On my way back from the Tyrol, I stayed in Munich en route to the airport, and visited the Dachau concentration camp museum- it was the first Nazi concentration camp and served as a template for many of the others. I think it’s important to visit these places, so it’s not just an abstraction in a history book, and to remind yourself that these things can happen again in “normal” places like the suburbs of a large modern European city. I think it’s especially important in the current political climate too, with the rise of the far right, and populist politicians creating scapegoats out of groups such as immigrants.
The museum is free (and compulsory for all schoolchildren in the area to visit), but you can also pay to support it by going on a tour, which I did. These photos are mostly quick snaps which I took in the gaps of the tour.
Here’s some more old sketchbook pages I scanned, this time from the British Museum. (Unlike the V&A they let you use pens and have plenty of stools to give out). The first one is metal grave goods from the Bronze Age, mostly from Central Europe and Wales. I studied Ancient History as my BA, and Bronze Age ritual landscapes and grave goods are something I’m particularly interested in. Something I’m well aware a lot of people will find horrendously boring. For the best grave goods though, see the Scythians, the nomadic horsepeople of the southern Russian steppes, Ukraine and Kazakhstan. Magnificent golden jewellery, carpets, embroidery and intricate tattoos.
These are some carvings of chickens from a mural from Lycia in the southwest of what is now Turkey. Not a famous item at all, so a nice uncrowded room to sit in. The British Museum has so many rooms that it’s almost impossible to visit them all in one day. I have visited them all over the years, and as most tourists cluster in the Egyptian and Athenian rooms, you often have the other galleries all to yourself. To be honest, the British Museum has so many treasures, they could easily send back the disputed items like the Parthenon sculptures and have lots of beautiful items to fill the galleries with (whether the items which no-one is currently clamouring for were themselves legitimately acquired is another matter, up until the 1950s or so, a lot of, or perhaps the majority of anthropologists and archaeologists were essentially robbers and con people- here’s looking at you Schliemann and your dynamiting of the ruins of Troy to get to the gold).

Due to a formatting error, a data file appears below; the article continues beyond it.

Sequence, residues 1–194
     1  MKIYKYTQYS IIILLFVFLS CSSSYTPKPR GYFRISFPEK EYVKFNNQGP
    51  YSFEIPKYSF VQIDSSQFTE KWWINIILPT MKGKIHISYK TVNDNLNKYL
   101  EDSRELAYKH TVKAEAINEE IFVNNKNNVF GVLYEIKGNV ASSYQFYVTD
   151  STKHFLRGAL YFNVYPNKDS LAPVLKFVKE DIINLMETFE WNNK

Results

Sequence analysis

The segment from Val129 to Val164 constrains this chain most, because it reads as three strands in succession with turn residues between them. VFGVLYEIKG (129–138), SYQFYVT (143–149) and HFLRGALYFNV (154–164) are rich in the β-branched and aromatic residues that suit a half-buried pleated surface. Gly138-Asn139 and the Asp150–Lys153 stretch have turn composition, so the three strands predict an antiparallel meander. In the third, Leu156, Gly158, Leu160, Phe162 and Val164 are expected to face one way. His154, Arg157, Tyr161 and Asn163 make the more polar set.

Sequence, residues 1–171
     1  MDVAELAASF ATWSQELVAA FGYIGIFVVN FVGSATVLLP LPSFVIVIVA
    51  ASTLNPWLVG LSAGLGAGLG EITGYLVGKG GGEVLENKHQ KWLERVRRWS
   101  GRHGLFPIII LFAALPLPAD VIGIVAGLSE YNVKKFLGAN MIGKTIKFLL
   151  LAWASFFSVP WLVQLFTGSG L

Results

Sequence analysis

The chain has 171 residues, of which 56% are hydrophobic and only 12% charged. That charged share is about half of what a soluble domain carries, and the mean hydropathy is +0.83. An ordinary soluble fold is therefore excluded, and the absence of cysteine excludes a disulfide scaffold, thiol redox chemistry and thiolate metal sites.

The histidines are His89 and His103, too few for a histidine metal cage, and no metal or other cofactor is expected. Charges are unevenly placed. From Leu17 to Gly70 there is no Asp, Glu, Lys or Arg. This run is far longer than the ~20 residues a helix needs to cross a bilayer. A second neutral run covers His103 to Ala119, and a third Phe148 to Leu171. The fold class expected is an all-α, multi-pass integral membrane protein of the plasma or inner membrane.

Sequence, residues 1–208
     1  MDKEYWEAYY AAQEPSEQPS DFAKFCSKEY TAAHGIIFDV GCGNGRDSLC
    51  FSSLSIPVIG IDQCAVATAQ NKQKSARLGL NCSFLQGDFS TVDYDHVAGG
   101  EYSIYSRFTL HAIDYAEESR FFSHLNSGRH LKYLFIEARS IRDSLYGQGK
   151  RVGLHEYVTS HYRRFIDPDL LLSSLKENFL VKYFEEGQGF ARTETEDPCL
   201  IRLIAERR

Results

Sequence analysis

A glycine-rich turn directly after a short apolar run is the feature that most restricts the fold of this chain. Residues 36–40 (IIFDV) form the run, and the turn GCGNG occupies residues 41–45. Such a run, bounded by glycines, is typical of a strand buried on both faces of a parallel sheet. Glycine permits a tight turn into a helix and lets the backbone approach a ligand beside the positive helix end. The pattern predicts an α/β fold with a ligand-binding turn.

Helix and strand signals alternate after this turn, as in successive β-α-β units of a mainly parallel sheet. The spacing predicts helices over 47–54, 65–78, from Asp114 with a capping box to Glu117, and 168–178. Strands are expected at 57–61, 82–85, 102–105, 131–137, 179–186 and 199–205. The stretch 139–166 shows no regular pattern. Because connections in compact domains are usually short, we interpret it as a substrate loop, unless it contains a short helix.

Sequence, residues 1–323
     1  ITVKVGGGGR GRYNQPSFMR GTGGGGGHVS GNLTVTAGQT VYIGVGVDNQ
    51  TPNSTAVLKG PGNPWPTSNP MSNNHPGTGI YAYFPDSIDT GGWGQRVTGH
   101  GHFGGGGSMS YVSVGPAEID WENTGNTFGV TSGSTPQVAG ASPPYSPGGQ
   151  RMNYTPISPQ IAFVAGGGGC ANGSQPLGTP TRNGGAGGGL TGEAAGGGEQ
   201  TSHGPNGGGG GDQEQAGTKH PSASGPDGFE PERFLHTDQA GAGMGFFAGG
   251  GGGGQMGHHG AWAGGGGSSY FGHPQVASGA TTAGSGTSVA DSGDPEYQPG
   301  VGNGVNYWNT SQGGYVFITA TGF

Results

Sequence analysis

These sculptures are from 520-450BC as I have helpfully written on the drawing. This was the period when Athens was at its peak. People often have this idea that the Ancient Greeks, Egyptians and Romans were concurrent, but this is not the case. The Roman empire didn’t even get going (or even have emperors) until the first century AD, and the Egyptian civilisation lasted for several thousand years. Even with periods like the Trojan War and Persian War, people kind of conflate the two together and assume they happened close to each other. In reality though, the Iliad was written around 800BC (whether Homer was a single person or a kind of collective oral narrative tradition is something that is up for debate) harking back to glorious legends of the deeds of the Mycenaean ancestors around 1200BC, and the Persian war was 499-449 (please remember BC dates go backwards). The Greco-Persian wars were also recorded by actual contemporary writers too (whatever your opinion of Herodotus), and the Iliad is essentially an oral tradition written down four hundred years or so later. Troy was a real place on the coast of Turkey, and there is archaeological evidence that there was conflict there at about the right time, but who knows about Achilles, Menelaus and so on.
The era of these carvings was also the period of the Persian war (please do not see the film 300 for any kind of information whatsoever- don’t even talk to me about that film), and Lycia was on the Persian side. The Lycians/Luwians who lived in the area (and had their own language– which is likely to be the same one the Trojans spoke- Troy is not very far away) are one of the less famous civilisations of the era, mainly because they were surrounded by large bossy neighbours like the Athenians, Assyrians and Hittites.
No posts for a week. I stayed with my dad for most of last week to go to a family wedding, took my laptop with me to do some work while I was there, but then stupidly forgot to bring the power cord with me. Here’s a relaxing video. I actually really don’t enjoy those “relaxing” videos of people whispering or crinkling things, they don’t relax me at all (and some of them are definitely aiming more at “attractive woman pays attention to you” than soothing sounds), but I like this one. Best enjoyed with headphones.
Here’s some other interesting things: